“The essential purpose of the program is to provide a greater opportunity for Americans to learn more about Islam from individuals who are well qualified to speak about it,” explains AUB Trustee and alumnus Herant Katchadourian (BA ’54, MD ’58), who was the major force in securing funding for the program. Soon after 9/11, Katchadouraian, who is professor of psychiatry and behavioral sciences, human biology, and education (by courtesy) at Stanford University, alerted AUB President John Waterbury to the interest of several major foundations in providing funding for new, innovative programs which would fill the void of academic courses on Islam and the Muslim world that exists in some US higher educational institutions and said that AUB was a “natural” to take the lead in initiating such an outreach endeavor. Katchadourian and Waterbury then had several meeting with the Rockefeller Brothers Fund, Carnegie Corporation of New York, and the William and Flora Hewlett Foundation. The Hewlett Foundation took the lead in committing a substantial grant to the program, and the other foundations followed suit with significant funding to start the UCI program.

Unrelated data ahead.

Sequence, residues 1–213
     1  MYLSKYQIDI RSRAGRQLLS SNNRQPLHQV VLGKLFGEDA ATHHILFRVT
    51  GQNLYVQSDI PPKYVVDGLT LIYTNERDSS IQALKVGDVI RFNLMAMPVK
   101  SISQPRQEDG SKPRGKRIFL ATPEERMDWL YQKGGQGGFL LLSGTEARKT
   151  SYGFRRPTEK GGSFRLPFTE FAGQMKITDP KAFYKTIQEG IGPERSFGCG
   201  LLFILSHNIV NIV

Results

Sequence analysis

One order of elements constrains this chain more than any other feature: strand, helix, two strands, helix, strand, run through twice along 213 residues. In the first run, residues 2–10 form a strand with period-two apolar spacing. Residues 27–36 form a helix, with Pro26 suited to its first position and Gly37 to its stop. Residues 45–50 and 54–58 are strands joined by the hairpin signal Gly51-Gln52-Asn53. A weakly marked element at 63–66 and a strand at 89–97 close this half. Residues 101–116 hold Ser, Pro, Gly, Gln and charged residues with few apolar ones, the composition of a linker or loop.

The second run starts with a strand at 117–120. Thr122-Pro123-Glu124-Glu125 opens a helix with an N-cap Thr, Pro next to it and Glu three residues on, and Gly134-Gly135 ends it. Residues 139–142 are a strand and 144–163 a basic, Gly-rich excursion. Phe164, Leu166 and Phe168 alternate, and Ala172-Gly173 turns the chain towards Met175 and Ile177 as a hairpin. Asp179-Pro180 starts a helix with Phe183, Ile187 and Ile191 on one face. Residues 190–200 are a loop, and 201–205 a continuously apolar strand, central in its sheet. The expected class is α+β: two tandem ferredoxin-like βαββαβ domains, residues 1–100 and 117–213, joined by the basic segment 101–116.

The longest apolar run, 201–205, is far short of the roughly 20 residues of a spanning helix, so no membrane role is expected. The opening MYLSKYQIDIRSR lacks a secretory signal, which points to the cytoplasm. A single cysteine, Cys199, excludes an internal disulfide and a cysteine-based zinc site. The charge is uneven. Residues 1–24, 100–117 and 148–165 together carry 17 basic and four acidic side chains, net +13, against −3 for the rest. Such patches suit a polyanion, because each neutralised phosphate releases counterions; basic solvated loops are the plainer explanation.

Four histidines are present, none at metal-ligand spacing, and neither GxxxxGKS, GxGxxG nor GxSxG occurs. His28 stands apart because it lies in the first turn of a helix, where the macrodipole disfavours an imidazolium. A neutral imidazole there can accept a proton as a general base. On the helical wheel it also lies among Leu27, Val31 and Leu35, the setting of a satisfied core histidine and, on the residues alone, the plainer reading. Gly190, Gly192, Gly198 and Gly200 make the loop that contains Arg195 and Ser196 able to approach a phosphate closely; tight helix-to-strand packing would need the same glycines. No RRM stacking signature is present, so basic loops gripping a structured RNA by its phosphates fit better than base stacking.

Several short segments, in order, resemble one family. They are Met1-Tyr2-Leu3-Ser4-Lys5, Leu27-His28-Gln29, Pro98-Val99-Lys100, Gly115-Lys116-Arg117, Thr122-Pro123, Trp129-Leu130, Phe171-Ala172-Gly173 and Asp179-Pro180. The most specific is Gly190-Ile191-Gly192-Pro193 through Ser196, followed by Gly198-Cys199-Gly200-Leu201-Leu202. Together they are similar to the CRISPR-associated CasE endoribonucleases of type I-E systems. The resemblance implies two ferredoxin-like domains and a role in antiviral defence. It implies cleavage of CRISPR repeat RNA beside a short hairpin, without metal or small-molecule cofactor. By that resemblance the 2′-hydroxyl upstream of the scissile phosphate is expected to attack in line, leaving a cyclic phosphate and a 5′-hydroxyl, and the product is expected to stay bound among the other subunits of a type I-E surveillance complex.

For Dr. Katchadourian, the launching of this
outreach program could not be more opportune—or necessary. “I think the current
political situation (in Iraq and the region), if anything, should make this program even more timely than it was before. One of the emerging expectations in the US—both on the part of the government as well as, one would hope, a larger segment of the population—is that Americans need to be better informed about the Middle East or about the Islamic world. The UCI program has the particular merit of bringing experts from the Islamic regions of the world to present their own perspectives, based on greater personal knowledge and engagement.”